Racing: Recite scalps rivals for newly-shorn Du Plessis

By Mike Dillon

It was wonderful that owner, Queenslander Dick Karreman was on course. Photo / Thinkstock
It was wonderful that owner, Queenslander Dick Karreman was on course. Photo / Thinkstock

A new No 3 haircut was displayed when Mark Du Plessis removed his skullcap when returning on Recite at Awapuni on Saturday.

It was nothing compared with the haircut he and Recite had just dealt out to the others in the $225,000 The Oaks Stud's Stallions Sire Produce.

"That was her most impressive performance," said Du Plessis, who has said after each of the previous three unbeaten performances she is the best filly he's ridden.

Recite is so good Du Plessis admitted later his only worry had been pilot error. "I was a bit anxious because I knew I was the only one that could get her beaten."

There was no way that was happening.

It was wonderful that owner, Queenslander Dick Karreman was on course.

He and manager Rick Williams have, in recent years, decided Karreman's The Oaks Stud would race a large team under its own banner and the past 18 months have been increasingly successful.

With Recite to return as a 3-year-old and the likes of Zurella and Oaks victor Artistic still to come this season, The Oaks has plenty to look forward to. Another huge plus is the recent dramatic success of the stock of the stud's resident Darci Brahma.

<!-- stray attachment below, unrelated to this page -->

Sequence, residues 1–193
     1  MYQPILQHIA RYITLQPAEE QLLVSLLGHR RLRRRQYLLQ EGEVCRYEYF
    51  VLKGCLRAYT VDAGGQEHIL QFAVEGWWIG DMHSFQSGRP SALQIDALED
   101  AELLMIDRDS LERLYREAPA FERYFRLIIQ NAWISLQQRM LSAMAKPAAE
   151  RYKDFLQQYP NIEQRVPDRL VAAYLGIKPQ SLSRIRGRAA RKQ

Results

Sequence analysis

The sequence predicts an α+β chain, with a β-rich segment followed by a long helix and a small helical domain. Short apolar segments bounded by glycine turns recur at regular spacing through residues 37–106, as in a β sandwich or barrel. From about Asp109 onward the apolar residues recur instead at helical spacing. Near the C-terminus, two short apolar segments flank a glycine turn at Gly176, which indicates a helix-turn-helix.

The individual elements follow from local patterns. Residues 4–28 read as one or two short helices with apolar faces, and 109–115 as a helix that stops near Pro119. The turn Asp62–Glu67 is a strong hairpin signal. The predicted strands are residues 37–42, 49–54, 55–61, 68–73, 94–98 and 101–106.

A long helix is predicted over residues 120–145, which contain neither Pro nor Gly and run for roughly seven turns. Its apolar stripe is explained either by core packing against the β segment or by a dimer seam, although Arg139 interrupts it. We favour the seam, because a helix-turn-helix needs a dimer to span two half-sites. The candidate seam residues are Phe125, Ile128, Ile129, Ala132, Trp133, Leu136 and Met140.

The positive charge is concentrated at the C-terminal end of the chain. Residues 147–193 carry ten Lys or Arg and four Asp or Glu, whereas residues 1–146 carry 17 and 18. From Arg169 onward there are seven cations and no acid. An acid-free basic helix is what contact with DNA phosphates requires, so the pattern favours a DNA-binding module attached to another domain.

Mark Du Plessis: "She [Recite] will be better as a 3-year-old next season", which is a worry for the owners of fillies.

John Bary has prepared Recite meticulously and the benefits of a relatively light season will be, hopefully, there for all to see in the spring.

Bary scored another stunning victory on the programme, when Survived raced away with the $70,000 Manawatu Classic.

Survived got his name from being so small it was considered putting him down as a foal.

He displayed the same attitude that got him through to being a racehorse when he dropped rider Jonathan Riddell heading to the start and galloped away. Almost always these days horses who gallop free away from their riders are deemed late scratchings.

"The vet wanted to scratch him at the start, but I convinced him he felt all right," said Riddell.

Bary has to decide whether to aim Survived at the Queensland Derby or the South Australian Derby, slightly favouring the latter.

- NZ Herald

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